The Costs of Car Ownership
An auto loan can take up a big chunk of your monthly budget, so make sure you have the right loan for you.
A decent vehicle is something most of us rely on every day, but it’s also something that can break a budget if you aren’t careful. Consider a few key aspects of car ownership to make your next vehicle purchase a smart one.
So, how much do you need to save for your next car? Saving up money depends on how much car you want to buy. Something shiny off the lot for $35,000? Or a well-used jalopy for $2,000? Maybe somewhere in between?
If you’re planning to get a loan to help finance your next vehicle purchase, the big question is really, “How much to spend?”
Think about your car purchase in terms of your salary or wages. What percentage of your monthly pay do you want to allocate to an auto loan payment? Financial advisors recommend that no more than 36% of your gross income go to debt, but this includes debt and obligations such as student loans, rent and credit card payments.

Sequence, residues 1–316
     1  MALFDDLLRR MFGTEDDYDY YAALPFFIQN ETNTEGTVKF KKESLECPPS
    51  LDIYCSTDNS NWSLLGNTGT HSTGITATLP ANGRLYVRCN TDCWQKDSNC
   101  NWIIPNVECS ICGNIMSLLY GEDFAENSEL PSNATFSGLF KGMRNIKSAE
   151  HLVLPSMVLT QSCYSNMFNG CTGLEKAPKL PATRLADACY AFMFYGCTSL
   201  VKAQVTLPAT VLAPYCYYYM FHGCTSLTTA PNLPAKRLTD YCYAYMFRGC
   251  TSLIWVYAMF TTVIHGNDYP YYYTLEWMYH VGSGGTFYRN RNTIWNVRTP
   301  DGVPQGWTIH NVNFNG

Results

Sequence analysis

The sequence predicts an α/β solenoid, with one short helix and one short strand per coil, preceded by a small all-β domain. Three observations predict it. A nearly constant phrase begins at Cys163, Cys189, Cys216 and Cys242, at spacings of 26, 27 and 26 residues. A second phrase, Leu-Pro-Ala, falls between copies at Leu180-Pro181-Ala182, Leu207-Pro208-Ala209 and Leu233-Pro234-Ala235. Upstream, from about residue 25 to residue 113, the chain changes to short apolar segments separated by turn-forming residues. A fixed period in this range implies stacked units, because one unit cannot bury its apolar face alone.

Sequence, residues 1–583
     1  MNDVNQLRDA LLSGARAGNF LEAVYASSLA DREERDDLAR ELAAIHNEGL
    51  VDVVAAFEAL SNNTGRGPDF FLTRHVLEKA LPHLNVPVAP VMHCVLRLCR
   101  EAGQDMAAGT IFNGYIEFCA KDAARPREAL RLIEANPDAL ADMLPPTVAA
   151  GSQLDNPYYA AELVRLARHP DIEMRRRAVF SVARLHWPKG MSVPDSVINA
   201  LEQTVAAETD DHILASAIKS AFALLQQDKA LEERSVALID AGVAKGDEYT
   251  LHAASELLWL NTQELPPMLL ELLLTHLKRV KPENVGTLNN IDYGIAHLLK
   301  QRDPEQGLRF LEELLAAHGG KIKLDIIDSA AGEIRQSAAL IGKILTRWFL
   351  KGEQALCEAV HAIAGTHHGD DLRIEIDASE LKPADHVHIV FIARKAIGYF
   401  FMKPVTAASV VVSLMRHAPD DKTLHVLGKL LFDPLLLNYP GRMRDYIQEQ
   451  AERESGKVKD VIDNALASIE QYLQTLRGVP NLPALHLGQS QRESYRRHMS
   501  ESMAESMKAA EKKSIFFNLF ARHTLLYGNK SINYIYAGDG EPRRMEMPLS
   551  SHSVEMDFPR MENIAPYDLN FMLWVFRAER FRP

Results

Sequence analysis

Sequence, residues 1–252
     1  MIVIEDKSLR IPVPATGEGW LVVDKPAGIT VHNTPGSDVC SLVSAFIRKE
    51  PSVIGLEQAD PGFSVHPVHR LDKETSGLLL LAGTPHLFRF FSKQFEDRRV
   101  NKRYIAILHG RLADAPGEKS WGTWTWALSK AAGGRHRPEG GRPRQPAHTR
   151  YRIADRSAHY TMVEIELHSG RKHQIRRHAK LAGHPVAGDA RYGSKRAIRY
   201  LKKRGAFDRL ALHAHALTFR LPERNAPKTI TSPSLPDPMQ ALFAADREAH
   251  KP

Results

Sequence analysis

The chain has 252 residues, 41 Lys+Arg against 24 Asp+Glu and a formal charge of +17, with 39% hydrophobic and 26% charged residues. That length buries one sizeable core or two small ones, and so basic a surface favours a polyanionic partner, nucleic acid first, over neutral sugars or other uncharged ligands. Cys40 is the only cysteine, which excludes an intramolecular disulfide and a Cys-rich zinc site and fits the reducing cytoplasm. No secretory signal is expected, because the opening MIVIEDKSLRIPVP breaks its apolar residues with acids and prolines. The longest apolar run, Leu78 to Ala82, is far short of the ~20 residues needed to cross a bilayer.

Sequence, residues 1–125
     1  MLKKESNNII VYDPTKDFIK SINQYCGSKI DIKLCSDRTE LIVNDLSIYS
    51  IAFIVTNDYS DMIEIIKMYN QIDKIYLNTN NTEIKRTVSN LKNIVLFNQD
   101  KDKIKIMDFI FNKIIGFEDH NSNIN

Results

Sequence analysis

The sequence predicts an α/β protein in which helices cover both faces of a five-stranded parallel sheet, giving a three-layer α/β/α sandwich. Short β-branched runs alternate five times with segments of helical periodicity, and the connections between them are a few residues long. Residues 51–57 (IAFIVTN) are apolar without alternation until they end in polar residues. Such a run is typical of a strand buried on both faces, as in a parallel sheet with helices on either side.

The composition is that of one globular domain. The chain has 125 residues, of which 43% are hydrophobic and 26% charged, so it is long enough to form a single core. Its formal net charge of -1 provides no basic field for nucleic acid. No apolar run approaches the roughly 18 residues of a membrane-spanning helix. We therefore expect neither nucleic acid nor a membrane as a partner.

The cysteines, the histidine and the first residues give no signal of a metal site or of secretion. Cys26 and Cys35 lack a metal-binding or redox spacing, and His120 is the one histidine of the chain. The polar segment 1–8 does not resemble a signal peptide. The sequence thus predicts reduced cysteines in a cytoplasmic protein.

The 20/4/10 rule is a popular way to go:
- Pay 20% down payment
- Get a loan for 4 years or less
- 10% of your gross income max should go to your monthly payment
You need reliable transportation, but your vehicle is a depreciating asset so it’s sensible to make a conservative purchase for your budget.
And keep in mind, your vehicle costs more than just the sticker price. Remember you’ll need to pay for additional expenses such as:
- Maintenance and repairs
- Parking and tolls
Compensate for these added costs by:
- Choosing a fuel-efficient car
- Refraining from braking and accelerating quickly
- Using the right type of oil and getting it changed regularly
- Shopping around for the best insurance rate
- Checking for insurance discounts like good driver and organization affiliations